Friday, February 18, 2011

Trouble With Public Sector Unions...

Recent headlines this week in Wisconsin, Michigan, and Ohio, following on the heels of similar news from New York and New Jersey in the past month have brought attention to the issue of the public sector union.  Unions in the private sector represent a group of private employees negotiating (on an artificially tilted table) with private employers.  The Public Sector Union negotiates on behalf of private employees with the taxpayers' representative. 

Here's where the difference matters.  The unions collect dues (often mandatory) from the employees, then use those dues to facilitate the election of politicians.  They then get to negotiate with those very same politicians for their employees' rights.  Where do the taxpayers get represented?  Well, quite often, they don't.  Yes, the politicians doing the negotiations have to answer to the tax payers every 2-4 years, but with clever accounting, essentially burying the costs in the future the politicians, and the assistance of union money to campaign, these politicians have not been held to account for the one sided deals they have helped push through. 

Now, the bills are coming due.  Wisconsin, Florida, Michigan, Minnesota, Ohio, California, New Jersey and New York are all suffering from a significant budget shortfall, first triggered by flagging tax receipts in this recession, but now complicated by the overly generous contracts they've signed with unions in the past.  Here's my dilemna:  a deal is a deal.  These states made deals with the unions, and absent a valid legal reason to nullify those deals the contract should stand.  In the private sector this would force an employer to either conduct lay-offs, raise prices, or simply close its doors.  The governments of these states do not have all of these options.  The citizens of these states, complicit through their inattention and insistance on electing and re-electing the same people year on year, still cannot absorb yet another tax burden.  The government cannot simply close its doors.  That leaves layoffs.  From all outward signs these would have to be MASSIVE.  Extreme cuts in services, ballooning classroom sizes.  I can't say I disagree with the ultimate conclusion that many of these governors are coming to, I just think that the alternatives should be fully offered beforehand.  In lieu of these layoffs, should the unions wish to acquiesce to having its membership pick up the tab on some of its benefits, I'm sure the governors and legislators will be happy to return to the negotiating table.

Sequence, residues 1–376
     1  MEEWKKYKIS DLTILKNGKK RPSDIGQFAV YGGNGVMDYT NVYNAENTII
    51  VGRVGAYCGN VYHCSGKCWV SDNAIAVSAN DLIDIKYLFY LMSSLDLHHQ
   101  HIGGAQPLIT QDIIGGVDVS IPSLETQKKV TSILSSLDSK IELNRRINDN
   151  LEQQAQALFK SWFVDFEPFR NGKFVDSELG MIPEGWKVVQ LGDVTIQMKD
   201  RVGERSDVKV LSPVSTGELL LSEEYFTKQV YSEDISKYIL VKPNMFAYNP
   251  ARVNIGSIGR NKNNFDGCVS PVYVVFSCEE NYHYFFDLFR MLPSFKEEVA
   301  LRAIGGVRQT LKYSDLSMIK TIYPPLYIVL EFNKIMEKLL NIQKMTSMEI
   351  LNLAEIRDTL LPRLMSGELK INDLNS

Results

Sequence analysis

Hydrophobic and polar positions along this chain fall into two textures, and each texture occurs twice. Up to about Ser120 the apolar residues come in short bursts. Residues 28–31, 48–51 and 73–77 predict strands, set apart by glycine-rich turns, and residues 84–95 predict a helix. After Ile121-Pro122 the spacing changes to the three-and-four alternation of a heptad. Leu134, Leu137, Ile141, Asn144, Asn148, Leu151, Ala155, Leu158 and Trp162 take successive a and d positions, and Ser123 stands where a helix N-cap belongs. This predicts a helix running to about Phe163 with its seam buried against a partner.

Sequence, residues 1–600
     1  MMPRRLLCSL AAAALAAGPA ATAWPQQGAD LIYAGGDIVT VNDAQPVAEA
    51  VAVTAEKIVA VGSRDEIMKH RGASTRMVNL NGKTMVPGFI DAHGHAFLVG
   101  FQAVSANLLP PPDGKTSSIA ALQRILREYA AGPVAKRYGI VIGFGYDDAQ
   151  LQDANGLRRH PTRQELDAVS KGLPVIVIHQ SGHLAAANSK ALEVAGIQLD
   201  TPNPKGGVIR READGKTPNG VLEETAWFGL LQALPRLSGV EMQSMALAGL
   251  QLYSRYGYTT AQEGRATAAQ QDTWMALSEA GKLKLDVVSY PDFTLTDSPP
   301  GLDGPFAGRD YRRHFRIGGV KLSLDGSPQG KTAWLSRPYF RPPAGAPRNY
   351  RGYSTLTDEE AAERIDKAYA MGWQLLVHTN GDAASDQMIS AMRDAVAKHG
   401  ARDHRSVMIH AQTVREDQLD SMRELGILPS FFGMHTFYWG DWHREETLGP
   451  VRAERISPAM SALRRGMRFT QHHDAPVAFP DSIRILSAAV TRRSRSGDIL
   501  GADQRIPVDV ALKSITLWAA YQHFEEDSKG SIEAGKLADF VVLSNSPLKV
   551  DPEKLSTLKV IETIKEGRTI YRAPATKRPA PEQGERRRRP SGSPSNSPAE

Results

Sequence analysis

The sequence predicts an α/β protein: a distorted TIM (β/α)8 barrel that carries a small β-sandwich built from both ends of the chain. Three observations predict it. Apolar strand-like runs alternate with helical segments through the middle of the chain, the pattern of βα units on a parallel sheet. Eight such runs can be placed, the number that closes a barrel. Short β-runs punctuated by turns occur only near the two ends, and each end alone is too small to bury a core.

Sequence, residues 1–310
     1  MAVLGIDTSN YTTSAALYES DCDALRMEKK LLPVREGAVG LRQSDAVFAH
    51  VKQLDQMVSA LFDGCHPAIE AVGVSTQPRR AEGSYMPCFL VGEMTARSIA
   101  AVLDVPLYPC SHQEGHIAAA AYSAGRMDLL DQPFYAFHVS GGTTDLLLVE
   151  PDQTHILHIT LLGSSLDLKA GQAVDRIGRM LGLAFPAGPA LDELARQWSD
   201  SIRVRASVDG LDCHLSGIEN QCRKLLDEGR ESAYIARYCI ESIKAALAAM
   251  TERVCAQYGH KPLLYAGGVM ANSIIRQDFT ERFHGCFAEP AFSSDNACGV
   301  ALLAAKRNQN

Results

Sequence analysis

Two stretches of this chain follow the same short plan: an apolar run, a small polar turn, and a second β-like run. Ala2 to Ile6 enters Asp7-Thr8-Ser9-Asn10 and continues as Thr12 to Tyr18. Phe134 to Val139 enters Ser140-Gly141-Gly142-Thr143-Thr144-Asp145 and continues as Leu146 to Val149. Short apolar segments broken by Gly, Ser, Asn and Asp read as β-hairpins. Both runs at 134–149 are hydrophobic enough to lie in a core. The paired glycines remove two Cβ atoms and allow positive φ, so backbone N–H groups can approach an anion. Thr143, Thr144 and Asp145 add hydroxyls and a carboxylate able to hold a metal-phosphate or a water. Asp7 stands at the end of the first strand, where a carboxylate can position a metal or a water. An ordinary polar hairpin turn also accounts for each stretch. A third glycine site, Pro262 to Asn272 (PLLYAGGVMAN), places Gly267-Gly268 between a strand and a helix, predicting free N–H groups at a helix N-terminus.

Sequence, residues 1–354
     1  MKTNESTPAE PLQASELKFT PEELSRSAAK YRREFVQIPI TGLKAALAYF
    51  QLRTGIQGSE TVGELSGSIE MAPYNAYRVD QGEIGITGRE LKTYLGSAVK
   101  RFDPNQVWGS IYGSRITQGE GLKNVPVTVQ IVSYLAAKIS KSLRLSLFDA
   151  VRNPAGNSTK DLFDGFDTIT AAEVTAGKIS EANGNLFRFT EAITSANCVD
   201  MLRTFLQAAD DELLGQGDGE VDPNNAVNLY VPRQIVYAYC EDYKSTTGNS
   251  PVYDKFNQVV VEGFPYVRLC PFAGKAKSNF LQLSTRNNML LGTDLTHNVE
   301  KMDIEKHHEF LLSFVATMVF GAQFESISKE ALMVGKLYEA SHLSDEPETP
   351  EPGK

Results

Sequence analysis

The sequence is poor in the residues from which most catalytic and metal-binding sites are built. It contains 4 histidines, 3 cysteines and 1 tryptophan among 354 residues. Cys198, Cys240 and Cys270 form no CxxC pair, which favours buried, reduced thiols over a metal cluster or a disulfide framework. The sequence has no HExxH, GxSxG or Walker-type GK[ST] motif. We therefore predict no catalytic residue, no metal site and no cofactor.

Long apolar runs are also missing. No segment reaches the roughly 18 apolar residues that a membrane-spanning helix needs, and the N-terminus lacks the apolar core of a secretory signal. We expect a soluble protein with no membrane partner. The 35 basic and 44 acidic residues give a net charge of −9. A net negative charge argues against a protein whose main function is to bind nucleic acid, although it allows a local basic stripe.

History will repeat itself.  Some have suggested that we limit the influence public employee unions are allowed to have on elections.  I disagree.  The burden is on the citizenry, to educate themselves, to understand that a vote has consequences and to PAY ATTENTION.  We must hold our elected officials to account.  We must not be complacent. 

One day soon perhaps, we'll discuss the nature of unions in the private sector, but that day is not today. 

No comments:

Post a Comment